Wigan also reached the League Cup final, thanks to a 119th-minute winner by Roberts. On final day, though, Rooney and Ronaldo proved too much for their local rivals, and Manchester United won 4-0.

The next major final came in 2013, this time the FA Cup. Wigan had survived eight seasons in the Premier under, mainly, Jewel and Roberto Martínez, but looked set for the drop when Wembley beckoned. Alongside the stars of moneyed Manchester City, Martínez and Whelan led the team out, the Wigan owner returning to the turf where he had broken his leg when playing in the final half a century earlier. Wearing black, Wigan battled hard to keep the score at 0-0 until a late red card for City’s Pablo Zabaleta. Athletic then won the cup with a 91st-minute header by late substitute Ben Watson.

DW Stadium/Joe Stubley

Three days later came relegation and the departure of Martínez. First under Owen Coyle then Uwe Rösler, Wigan endured losing trips to Kazan and Maribor in the Europa League but made the play-offs for a possible swift return to the Premier League. Two Charlie Austin goals, though, one in extra-time, sent QPR through instead.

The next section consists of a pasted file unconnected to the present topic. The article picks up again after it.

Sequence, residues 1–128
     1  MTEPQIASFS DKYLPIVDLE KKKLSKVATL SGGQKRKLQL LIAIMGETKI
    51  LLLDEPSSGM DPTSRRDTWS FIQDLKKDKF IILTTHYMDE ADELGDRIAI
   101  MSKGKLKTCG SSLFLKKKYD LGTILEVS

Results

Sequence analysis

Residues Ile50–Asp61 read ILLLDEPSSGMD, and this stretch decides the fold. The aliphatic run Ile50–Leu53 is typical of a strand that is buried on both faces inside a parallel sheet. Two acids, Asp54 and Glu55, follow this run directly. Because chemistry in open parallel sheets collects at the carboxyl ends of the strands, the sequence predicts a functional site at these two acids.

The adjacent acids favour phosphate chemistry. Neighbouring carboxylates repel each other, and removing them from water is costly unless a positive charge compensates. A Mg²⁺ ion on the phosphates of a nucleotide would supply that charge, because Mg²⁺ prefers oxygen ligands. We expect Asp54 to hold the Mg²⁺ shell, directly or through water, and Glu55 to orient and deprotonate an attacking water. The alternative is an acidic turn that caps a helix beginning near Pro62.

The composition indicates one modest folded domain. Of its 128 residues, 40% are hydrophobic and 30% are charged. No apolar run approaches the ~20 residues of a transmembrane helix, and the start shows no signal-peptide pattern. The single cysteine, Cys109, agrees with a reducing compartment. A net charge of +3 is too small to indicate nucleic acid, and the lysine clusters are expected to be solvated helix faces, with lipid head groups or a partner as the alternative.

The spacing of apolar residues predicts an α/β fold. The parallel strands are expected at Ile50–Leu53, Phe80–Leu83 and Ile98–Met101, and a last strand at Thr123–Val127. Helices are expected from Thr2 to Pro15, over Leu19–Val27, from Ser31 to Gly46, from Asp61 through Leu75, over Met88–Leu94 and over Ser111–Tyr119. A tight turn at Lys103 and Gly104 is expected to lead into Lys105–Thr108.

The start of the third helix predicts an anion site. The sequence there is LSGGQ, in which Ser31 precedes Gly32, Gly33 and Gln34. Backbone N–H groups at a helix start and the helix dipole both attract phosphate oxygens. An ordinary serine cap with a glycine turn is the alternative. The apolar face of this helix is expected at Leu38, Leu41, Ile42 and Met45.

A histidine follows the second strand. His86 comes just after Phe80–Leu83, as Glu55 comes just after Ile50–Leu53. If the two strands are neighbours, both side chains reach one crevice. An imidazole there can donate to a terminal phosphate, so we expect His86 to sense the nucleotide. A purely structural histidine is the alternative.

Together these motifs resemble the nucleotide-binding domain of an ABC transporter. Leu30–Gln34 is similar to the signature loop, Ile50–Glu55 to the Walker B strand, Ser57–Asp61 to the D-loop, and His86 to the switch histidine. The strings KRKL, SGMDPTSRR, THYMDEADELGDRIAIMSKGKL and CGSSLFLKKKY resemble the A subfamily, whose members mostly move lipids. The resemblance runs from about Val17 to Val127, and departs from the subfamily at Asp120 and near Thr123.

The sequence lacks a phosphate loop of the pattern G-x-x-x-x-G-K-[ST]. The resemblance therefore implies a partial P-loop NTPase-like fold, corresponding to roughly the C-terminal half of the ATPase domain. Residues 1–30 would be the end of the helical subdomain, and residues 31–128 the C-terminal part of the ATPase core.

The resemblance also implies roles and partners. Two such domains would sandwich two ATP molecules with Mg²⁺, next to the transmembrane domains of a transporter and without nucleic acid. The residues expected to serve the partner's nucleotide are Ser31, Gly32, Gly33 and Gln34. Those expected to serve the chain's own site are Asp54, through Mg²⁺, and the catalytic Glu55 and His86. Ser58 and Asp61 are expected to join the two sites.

Worse was to follow a year later, Wigan relegated to the third tier, bouncing straight back up to the Championship in 2015-16. By then Dave Whelan, whose Wembley fairy story was being tainted by dubious comments he was making in the press, incurring an FA ban, had passed ownership on to his grandson, David Sharpe.

Wigan looked to have reversed a downward spiral when goals from Will Grigg helped them gain another promotion from League One and embark on a memorable cup run in 2017-18. A late Grigg strike saw off Manchester City before a crowd of nearly 20,000 at the DW Stadium but the subsequent quarter-final was settled by two late goals from visitors Southampton. On-loan Wigan goalkeeper Christian Walton will be remembered for his string of fine saves that kept the Latics in the game.

Dave Whelan statue/Joe Stubley

In Paul Cook, Wigan had also found an extremely capable manager but the club’s problems lay in the boardroom. After the Whelan clan sold the Latics to a Hong Kong-based group in November 2018, it set off a cycle of grave uncertainty that cost the club 12 league points the following campaign.